By Errol Castens | NEMS Daily Journal
OXFORD – A student advocate for Mississippi First asked the Oxford School Board to consider implementing that organization’s Creating Healthy and Responsible Teens (CHART) abstinence-plus sex-education curriculum Monday night.
Cortez Moss, a public policy major at the University of Mississippi, said while Lafayette County’s rates of sexually transmitted disease and teen births are well below national and state averages, “they are still a problem.”
Lafayette County had a birth rate among females age 15 to 19 of 23.9 per 100,000; the national average was 39.1 per 100,000, and Mississippi’s average – the highest statewide rate in the nation – was 64.1.
Under House Bill 999, school districts must implement sex education – either “abstinence-only” or “abstinence-plus” – by the beginning of the 2012-13 academic year. The bill requires abstinence instruction and requires single-gender classes for sex education.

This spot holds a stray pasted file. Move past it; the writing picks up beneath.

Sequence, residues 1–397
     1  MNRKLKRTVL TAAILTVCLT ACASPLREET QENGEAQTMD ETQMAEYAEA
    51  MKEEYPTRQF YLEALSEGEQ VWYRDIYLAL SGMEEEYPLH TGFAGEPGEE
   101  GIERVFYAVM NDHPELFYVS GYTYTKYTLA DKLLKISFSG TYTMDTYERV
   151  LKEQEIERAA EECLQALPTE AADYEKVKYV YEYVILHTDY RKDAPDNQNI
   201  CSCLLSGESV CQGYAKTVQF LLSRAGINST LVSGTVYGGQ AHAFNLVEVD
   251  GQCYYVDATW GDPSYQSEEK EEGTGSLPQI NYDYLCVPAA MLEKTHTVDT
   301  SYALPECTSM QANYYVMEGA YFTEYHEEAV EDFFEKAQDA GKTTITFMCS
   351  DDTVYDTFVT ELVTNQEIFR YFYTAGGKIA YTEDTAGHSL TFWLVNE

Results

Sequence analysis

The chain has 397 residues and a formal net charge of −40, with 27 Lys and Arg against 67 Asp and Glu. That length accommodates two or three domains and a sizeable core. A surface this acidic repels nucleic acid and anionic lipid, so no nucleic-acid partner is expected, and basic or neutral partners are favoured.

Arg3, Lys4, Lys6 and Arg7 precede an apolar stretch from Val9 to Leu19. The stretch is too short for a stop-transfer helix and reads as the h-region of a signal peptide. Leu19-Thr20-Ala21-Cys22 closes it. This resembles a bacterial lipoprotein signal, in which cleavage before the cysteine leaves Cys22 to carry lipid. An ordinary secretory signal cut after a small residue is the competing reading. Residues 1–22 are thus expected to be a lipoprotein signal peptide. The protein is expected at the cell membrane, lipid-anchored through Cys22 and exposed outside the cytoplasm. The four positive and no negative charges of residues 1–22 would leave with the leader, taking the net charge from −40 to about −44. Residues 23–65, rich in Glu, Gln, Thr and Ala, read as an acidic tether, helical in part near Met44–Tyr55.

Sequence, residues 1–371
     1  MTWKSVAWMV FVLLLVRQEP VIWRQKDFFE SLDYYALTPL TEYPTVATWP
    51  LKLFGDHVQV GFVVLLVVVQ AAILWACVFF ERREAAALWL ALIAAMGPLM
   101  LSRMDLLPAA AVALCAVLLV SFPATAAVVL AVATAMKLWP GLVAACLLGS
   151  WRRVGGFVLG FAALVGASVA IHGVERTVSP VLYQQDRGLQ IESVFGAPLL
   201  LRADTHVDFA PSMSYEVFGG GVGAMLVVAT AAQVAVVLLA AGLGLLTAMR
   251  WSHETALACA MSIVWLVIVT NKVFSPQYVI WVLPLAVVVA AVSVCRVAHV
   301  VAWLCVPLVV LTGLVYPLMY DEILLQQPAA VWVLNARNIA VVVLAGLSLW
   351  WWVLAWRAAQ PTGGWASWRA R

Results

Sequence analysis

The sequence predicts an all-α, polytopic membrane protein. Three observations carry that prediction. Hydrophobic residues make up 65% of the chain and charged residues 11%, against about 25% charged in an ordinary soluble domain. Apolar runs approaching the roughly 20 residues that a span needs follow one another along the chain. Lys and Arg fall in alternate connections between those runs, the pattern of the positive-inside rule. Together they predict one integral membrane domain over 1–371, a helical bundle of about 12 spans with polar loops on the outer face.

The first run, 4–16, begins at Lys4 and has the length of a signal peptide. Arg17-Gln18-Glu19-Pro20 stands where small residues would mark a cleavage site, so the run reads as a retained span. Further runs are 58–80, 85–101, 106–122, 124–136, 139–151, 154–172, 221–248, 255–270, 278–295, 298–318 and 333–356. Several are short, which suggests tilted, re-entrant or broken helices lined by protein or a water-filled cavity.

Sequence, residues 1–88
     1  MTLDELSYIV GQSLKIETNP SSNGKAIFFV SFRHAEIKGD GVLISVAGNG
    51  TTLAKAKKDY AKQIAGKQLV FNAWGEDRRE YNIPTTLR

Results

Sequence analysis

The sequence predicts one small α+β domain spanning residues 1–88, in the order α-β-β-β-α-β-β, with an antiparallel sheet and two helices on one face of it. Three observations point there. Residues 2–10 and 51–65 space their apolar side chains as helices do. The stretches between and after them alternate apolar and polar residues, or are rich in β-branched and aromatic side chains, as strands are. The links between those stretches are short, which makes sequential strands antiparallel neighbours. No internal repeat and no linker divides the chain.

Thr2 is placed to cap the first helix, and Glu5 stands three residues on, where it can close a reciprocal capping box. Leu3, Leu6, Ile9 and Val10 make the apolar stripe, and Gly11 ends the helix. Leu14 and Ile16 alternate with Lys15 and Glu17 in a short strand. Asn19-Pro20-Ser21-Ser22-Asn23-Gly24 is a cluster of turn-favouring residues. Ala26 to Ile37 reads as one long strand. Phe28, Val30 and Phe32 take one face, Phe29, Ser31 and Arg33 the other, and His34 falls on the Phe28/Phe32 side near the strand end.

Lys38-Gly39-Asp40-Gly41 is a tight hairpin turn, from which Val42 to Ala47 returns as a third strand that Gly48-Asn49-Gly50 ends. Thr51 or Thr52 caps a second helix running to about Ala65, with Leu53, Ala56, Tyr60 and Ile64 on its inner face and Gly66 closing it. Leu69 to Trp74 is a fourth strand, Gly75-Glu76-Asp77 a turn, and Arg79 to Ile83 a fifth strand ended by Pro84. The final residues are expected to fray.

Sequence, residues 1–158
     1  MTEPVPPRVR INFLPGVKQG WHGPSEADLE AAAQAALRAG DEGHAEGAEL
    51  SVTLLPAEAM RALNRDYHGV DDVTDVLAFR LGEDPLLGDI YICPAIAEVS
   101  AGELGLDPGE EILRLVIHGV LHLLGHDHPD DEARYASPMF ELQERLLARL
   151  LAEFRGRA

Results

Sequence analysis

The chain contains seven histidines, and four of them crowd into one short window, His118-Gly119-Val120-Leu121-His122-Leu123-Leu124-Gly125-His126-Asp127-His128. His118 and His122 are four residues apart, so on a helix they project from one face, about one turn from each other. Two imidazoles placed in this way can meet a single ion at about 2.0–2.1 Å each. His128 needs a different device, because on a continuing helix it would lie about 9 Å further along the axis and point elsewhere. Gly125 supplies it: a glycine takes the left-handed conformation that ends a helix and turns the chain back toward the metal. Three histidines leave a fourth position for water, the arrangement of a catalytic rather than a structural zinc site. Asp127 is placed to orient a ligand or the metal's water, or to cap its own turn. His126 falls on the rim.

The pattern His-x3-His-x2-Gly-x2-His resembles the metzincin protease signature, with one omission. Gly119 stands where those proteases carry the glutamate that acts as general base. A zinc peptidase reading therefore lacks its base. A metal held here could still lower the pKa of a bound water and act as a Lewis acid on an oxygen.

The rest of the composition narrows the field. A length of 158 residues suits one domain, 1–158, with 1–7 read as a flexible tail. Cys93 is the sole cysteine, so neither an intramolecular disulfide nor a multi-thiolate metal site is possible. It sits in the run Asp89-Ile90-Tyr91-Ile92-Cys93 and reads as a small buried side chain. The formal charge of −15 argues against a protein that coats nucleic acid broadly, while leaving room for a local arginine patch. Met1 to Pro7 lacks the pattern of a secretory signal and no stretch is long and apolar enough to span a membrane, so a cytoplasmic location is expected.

“Abstinence-plus has a central focus on teaching abstinence,” Moss said, “but it recognizes that some students will fall by the wayside and participate in risky behavior.” The “plus” is instruction mechanisms to minimize the risks of STDs and teen pregnancies, he added.
Matt Moore, the father of three Oxford students, offered a counterargument.
“A lot of people … will say, ‘the kids are going to do it anyway, so we might as well prepare them for that,'” he said. If that is the case, he contended, schools should teach them how to roll a marijuana joint, snort cocaine and drive drunk, because statistics say many will try those, too.
“It’s not the school district’s job to teach my child anything other than abstinence-only sex education,” Moore said.